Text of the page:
Doing away with the "F" grade
By no means was I a strong student in high school or college. Average would be generous. But come on, if you FAIL to complete the work or FAIL to demonstrate the required knowledge on an exam, why should you receive an incomplete? Not to be that "tough love" jerk or anything, but sorry kiddies, there are no "incompletes" in the real world. You either get the work done (and done well) or you receive a big ol' fail and you're fired. I think all the right questions are being asked throughout the article. Full story:
Failure is impossible for high school students! (No, really).
What would school have been like if you never had to worry about getting an F? Students at West Potomac High School in Alexandria, Va., are about to find out, the Washington Post reports.
Earlier this year, the school all but eradicated the standard mark for “failure”, instead supplying wayward students with the letter “I” for incomplete. So what does an “I” give you that an “F” doesn’t? Time to redeem yourself, for starters. Students with an “I” on their report card can (literally) learn their lesson and catch up over the year, at which point they will be given a grade for their mastery of the material, just like any other student.
So is this an inspired move to get those marginal students on track and learning, or just another way in which we’re coddling underachieving kids and hobbling the rest? Parents, educators and students are divided.
Mary Mathewson, an English teacher at Potomac High tells the Post that the new standard not only cripples teachers in that it "takes away one of the very few tools [they] have to get kids to learn," but it gives them “an out,” resulting in a system in which “kids are under the impression they can do it whenever they want to, and it's not that big of a deal.”
Pointing out that the A-F grading system has not been thrown out entirely, but rather, redesigned to reach those who might not learn at the same rate as their peers, Fairfax County’s assistant superintendent for instructional services asked the Post, “"If we really want students to know and do the work, why would we give them an F and move on? I think the students who are struggling should not be penalized for not learning at the same rate as their peers."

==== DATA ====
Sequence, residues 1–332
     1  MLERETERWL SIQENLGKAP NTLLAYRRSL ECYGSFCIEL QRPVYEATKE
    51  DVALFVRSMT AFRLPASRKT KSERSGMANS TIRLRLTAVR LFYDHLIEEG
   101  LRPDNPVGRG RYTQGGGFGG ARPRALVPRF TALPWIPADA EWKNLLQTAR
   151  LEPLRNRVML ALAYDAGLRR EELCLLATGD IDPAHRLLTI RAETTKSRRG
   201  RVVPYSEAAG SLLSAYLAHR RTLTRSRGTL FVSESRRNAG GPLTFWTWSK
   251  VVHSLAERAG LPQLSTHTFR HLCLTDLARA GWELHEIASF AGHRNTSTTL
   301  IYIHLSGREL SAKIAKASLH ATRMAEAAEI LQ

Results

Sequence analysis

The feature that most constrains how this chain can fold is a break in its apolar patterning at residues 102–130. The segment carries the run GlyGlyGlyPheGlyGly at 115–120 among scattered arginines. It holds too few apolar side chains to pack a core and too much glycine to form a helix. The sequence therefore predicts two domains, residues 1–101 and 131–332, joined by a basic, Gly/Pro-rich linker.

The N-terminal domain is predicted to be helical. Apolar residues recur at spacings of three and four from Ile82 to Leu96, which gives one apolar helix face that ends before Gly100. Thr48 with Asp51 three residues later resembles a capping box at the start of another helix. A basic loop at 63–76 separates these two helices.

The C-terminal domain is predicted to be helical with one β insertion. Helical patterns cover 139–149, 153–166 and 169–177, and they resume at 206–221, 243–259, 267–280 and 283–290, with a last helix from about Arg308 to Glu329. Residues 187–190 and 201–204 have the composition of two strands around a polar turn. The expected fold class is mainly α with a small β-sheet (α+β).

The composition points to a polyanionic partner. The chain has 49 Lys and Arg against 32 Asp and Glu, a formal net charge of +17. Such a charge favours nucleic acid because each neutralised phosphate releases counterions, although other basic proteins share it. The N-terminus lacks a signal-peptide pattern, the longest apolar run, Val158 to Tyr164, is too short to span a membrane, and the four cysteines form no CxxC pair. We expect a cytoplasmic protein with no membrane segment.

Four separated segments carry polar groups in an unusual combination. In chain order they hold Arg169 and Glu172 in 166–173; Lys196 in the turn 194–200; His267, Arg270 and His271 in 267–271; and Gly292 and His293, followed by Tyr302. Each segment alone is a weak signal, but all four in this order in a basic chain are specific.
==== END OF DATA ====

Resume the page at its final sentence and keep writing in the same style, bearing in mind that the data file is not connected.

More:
Alternative grading is nothing new: Potomac High joins good company—some of the nation's highest educational institutions, including the law schools of Stanford University, Yale University, and University of California, Berkeley all employ non-traditional grading systems. Other high schools like the Big Picture high schools in Rhode Island, which focuses on internships, have found that learning goes better when uncomplicated by grades. The measure of their success? Improvement in their standardized achievement scores, most of their seniors going to college, and high college graduation rates. Proponents of this kind of grading method have long argued that letters are arbitrary, overly focused on the right answer instead of the thinking behind it, and have no corollary relationship from school to school—in other words, not “fair” from the get-go.
But will the process of learning for the sake of learning be lost on notoriously gratification-minded high school kids? And what about the value of learning from losing in the first place?
“Americans tend to frame things in terms of contests and wars that must be won or lost," writer John Schwartz says in his New York Times essay, "Lessons Learned in the Losing." "Many challenges, however, are about hanging in there and managing a bad situation. Losing prepares you for the slog that is life. The world doesn’t give us many finish lines, but it does give us the long run.”
While his focus is on high school sports rather than grades, I can't help but think Schwartz has an excellent point here about teaching our children to persevere in the face of challenges, even if it's hard to watch. After all, what are we trying to prepare our kids for in school, if not life?